The beginning symptoms of Parkinson’s Disease (PD) often go unnoticed, making it hard for clinicians to diagnose the disease in its early stages. According to Arizona State University professor Michael Sierks, by the time symptoms have developed enough for diagnosis, patients have already lost between 60 and 80 percent of their dopaminergic neurons.
Those diagnosed with PD can often live for a long time after, but because PD is a neurological disorder characterized by slow degeneration of physical and mental functions that are only present after it has progressed beyond the point where medical intervention can stop it, the quality of their life is greatly impacted.
The disease gradually breaks down dopaminergic neurons, or dopamine nerve cells, leading to motor issues like tremors, slowness of movement, etc., and non-motor issues such as blood pressure drops and loss of their sense of smell.
“The biggest thing is a loss of independence. So as Parkinson’s starts to progress, the tremors, the loss of muscle movement, and other factors. You lose the ability to walk, to drive, to be able to do things [like] feed yourself, sleep well. It’s just some really devastating consequences as far as quality of life,” Sierks said.
In hopes to help prevent the severity of the damage before diagnosis, Sierks has teamed up with Dr. Charles Adler at the Mayo Clinic to identify blood-based biomarkers to diagnose early-stage PD.
Their hopes are that identifying a biomarker would allow clinicians to diagnose PD through blood-tests, lessening the damage of dopamine nerve cells.
According to Sierks, “by the time it’s diagnosed, clinically, there is an incredible amount of damage that has already taken place and it’s really hard to bring that person back to normal… if we can get a diagnostic [that] can identify patient’s presymptomatic, early stages, we can then stop progression when there’s still a fair amount of dopaminergic activity left and the patient can go on and live a normal life.”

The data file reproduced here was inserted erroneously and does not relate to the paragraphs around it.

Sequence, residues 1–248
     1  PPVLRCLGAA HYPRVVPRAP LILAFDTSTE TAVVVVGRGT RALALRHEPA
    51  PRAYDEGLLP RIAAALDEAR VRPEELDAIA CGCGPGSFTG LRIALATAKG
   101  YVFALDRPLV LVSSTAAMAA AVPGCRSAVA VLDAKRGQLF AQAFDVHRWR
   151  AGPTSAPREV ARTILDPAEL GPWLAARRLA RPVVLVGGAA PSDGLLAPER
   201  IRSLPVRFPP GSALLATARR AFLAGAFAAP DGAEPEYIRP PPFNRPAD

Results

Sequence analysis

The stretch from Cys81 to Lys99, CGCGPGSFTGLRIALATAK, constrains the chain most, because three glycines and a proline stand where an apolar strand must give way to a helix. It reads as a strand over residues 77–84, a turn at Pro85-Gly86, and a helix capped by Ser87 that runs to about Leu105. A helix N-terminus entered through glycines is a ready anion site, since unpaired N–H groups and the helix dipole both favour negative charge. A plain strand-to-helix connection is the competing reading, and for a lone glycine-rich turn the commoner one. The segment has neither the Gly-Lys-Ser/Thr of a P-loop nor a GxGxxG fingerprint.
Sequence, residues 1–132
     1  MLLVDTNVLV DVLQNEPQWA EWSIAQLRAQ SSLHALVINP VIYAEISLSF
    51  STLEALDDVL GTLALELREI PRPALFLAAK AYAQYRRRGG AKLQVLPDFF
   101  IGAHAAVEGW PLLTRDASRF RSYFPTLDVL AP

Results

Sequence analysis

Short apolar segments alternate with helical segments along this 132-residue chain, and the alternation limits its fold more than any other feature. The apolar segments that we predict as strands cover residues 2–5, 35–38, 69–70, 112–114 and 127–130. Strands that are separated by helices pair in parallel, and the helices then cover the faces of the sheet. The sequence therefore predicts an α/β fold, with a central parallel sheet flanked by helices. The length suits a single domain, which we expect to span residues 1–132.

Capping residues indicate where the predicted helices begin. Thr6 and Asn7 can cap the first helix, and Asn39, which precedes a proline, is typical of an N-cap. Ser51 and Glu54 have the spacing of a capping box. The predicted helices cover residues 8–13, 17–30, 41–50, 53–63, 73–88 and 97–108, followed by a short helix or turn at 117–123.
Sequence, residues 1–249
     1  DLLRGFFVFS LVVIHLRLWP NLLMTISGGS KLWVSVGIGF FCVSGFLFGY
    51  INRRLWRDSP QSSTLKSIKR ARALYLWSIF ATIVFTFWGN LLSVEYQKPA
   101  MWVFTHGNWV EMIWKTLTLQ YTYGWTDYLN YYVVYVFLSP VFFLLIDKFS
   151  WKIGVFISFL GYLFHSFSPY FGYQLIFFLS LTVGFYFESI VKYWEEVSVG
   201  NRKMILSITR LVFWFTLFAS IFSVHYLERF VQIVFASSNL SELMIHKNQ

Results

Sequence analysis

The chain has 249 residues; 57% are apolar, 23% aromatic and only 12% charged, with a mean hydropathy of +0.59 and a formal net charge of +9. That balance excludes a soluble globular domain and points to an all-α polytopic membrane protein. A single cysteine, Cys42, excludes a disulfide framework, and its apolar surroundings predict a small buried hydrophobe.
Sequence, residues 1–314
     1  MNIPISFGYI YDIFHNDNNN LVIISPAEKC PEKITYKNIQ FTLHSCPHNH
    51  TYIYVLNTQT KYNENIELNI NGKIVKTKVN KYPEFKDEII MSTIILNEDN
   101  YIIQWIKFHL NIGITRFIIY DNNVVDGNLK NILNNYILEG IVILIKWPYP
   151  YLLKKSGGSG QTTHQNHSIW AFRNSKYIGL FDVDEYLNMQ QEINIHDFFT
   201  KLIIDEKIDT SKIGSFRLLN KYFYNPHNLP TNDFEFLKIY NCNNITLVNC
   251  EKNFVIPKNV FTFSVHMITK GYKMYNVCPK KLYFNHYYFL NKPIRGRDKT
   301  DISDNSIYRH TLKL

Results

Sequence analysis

“Research drives everything we do for our patients. Having Mayo Clinic and ASU underwrite these type of collaborations supports one of our most important research missions – improving the care and quality of life of our patients,” Dr. Adler told ASU Now.
The cause of the disease is still unclear, but PD is the second most diagnosed neurological disorder after Alzheimer’s. Parkinson’s affects nearly 1 million people in U.S. and according to the Parkinson’s Foundation, 18 thousand Arizonans have PD.
According to ASU Now, for a biomarker to determine whether an individual will get PD, they must find one that is “sensitive to PD, meaning every or almost all PD patients have it,” as well as, specific only to PD but Sierks believes the research is heading towards finding a biomarker.
“I’m very hopeful. With the results we’ve gotten, everything looks really promising that we can have a really early diagnostic.”
Sierks says that the next step is getting funding to test their biomarkers on longitudinal blood samples of PD patients, meaning they would take blood samples from patients throughout the years, starting pre-symptomatically and ending with late-stage Parkinson’s, to see how biomarkers change throughout the stages, allowing clinicians to determine the right treatment for each patient.